Data analysis involved interview transcription, thematic analysis of interviews, and interpretative analysis of policy documents.

The key research findings are the following three:

1. The dynamics of social inclusion and exclusion of Roma, Gypsies and Travellers, refugees and asylum seekers, and Muslims in European cities can heuristically be considered as part of similar social, political and cultural trends. Therefore, more comparative research is needed, in order to view larger processes and dynamics of in/exclusion across minority and largely excluded groups, as well as across European local contexts.

2. The main similarities between dynamics of social inclusion and exclusion of these three groups is the paradigm of ""security"", which invest all contexts. Over the last three decades, the meanings and shared values of ""security"" have largely been shifting from referring to ""social protection for everyone, especially the most vulnerable"" toward ""social order"", especially ""personal/bodily protection of the majority population"". This shift has included an increase in policing, criminalization of minorities and processes of racialization that have rarely been documented in European scholarship.

3. While converging within the ""security"" paradigm, the three groups differ primarily in the dominant frame(s) within which their cultural/ethnic ""difference"" is understood. In the case of RGTs, culture and lifestyle is the main frame, in the case of Muslims - religion, and in the case of asylum seekers and refugees, it is the relation between darker skin colour and perceived behaviour in urban public spaces.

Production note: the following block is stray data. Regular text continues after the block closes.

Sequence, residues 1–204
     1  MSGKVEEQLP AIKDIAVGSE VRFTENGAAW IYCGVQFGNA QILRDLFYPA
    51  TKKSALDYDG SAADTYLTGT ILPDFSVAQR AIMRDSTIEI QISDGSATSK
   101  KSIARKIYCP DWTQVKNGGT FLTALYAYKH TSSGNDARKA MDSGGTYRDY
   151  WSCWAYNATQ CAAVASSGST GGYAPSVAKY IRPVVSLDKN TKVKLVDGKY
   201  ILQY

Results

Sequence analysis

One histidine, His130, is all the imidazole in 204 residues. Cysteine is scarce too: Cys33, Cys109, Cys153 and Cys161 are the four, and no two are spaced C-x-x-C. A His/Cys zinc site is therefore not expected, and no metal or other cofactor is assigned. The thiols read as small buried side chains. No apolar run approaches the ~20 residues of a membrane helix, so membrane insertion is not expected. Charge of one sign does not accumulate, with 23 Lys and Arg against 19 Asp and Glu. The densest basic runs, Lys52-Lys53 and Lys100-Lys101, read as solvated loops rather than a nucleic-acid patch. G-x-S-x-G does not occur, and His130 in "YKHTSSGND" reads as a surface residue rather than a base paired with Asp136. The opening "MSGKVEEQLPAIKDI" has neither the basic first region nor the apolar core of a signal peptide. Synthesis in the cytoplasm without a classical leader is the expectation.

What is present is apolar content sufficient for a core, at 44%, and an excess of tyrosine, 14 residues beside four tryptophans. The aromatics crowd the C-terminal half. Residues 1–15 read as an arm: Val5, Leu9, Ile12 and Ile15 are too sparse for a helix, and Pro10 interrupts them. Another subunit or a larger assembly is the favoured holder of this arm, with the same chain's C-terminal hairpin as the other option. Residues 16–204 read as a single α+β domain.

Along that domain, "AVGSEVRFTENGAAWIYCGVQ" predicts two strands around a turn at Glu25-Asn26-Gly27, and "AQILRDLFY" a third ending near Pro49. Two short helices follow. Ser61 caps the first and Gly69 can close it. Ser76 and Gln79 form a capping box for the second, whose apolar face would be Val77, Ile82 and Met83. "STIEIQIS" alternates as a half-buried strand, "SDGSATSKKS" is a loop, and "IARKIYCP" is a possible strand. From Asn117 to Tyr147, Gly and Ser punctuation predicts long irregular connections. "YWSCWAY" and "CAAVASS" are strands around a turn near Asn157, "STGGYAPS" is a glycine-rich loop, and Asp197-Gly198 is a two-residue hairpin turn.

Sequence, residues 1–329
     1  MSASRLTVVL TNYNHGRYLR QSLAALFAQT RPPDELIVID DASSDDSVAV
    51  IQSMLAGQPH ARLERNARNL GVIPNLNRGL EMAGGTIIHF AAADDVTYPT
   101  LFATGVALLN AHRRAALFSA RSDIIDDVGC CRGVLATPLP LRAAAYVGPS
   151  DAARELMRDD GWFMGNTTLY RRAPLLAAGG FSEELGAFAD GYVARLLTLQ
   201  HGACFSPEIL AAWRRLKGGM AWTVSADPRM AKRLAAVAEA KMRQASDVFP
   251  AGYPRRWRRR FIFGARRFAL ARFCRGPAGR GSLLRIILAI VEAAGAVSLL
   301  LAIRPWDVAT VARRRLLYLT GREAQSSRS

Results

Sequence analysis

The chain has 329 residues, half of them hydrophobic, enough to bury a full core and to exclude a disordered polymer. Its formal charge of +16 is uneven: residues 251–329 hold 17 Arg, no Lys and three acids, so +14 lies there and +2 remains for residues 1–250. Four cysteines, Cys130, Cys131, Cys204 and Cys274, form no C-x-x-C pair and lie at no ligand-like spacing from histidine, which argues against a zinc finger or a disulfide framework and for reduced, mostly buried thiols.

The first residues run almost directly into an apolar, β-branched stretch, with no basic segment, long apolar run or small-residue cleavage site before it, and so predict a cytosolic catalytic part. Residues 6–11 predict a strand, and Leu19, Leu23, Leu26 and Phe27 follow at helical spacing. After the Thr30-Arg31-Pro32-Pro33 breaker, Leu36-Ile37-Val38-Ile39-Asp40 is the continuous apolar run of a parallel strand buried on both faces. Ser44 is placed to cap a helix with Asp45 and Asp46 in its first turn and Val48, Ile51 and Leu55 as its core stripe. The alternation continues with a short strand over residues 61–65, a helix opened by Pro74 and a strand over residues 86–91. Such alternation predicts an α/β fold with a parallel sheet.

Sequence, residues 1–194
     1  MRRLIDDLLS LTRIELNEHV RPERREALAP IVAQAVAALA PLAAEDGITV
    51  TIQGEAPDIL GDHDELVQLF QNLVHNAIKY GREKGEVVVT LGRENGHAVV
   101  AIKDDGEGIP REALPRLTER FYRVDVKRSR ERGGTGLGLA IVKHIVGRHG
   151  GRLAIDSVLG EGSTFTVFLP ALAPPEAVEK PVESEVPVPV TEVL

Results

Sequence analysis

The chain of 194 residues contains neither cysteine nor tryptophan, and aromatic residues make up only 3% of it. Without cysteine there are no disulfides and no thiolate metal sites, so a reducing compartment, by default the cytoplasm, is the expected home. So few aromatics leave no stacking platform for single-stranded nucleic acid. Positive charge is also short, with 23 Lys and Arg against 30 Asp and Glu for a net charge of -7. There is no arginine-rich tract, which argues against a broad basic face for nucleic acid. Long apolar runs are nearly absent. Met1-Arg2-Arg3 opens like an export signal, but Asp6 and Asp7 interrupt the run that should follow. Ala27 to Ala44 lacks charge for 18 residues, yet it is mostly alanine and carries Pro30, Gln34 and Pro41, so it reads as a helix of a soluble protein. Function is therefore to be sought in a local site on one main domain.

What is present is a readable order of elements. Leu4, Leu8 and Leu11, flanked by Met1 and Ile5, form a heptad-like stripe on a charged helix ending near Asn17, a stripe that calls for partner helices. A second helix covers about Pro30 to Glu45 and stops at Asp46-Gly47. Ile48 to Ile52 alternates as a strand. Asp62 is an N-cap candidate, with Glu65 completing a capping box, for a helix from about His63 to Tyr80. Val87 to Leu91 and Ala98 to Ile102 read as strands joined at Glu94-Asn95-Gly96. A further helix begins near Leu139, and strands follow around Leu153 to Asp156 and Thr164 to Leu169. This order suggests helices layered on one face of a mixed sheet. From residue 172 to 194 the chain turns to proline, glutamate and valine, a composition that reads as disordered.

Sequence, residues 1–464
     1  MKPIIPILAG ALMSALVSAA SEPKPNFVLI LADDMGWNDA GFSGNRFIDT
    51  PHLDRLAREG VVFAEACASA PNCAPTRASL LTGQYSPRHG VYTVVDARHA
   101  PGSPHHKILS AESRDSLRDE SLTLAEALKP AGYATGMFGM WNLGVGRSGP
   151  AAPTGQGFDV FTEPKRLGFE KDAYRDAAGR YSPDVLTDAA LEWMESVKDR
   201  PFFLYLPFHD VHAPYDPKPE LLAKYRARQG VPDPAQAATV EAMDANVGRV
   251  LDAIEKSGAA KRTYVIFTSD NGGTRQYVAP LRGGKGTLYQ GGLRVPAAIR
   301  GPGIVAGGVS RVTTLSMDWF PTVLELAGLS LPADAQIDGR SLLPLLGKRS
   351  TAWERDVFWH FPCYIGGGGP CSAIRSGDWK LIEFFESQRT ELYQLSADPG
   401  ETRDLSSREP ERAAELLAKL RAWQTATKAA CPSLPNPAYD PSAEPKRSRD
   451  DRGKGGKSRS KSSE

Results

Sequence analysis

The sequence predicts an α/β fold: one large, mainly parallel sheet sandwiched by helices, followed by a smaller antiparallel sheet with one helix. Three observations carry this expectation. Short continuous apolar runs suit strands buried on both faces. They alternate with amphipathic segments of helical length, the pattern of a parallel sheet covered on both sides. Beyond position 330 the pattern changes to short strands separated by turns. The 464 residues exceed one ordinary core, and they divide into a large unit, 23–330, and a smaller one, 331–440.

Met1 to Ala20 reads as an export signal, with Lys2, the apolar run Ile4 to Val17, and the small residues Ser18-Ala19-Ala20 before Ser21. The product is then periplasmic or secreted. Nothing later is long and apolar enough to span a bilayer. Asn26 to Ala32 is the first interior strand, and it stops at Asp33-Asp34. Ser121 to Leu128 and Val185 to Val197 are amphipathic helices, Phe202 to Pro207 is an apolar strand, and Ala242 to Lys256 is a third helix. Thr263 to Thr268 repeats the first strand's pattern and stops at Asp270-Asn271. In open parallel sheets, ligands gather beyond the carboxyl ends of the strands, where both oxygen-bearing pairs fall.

The research has allowed to expand our knowledge of the ways in which dynamics of social inclusion and exclusion of minority groups occurr in European cities. So far, studies of such dynamics have typically been carried out either on migrant groups, or concerning specific urban-spatial conditions such as e.g. segregation, gentrification, advanced urban marginality in inner cities and/or urban peripheries, financialization of real estate and the planning of mega-events. While this research approach has produced important findings which have facilitated debates on dynamics of social inclusion and exclusion, it has failed to address important common dynamics across different groups in different European localities and to systematically understand the role of CSOs beyond the state. Innovatively, Camp-bivalence uncovered the complex interplay between CSOs, the state and minority groups within dynamics of social inclusion and social exclusion, showing that minority groups which diverge by legal status, socio-economic conditions, geographical location and cultural identity, may participate in partially similar dynamics of inclusion and exclusion in cities.

This research expanded academic knowledge on processes of in/exclusion of minority groups in European cities, by providing a coherent and comprehensive approach to these processes across minority groups, cities and typologies of urban spaces. This suggests that the research can be applied as a vector of knowledge transfer across local contexts in Europe, and be used by CSOs and civil servants dealing with minority and largely excluded social groups at the local, regional and national level. Journalists may as well benefit from in-depth as well as background knowledge on a topic, social in/exclusion, which rarely receives rigorous coverage.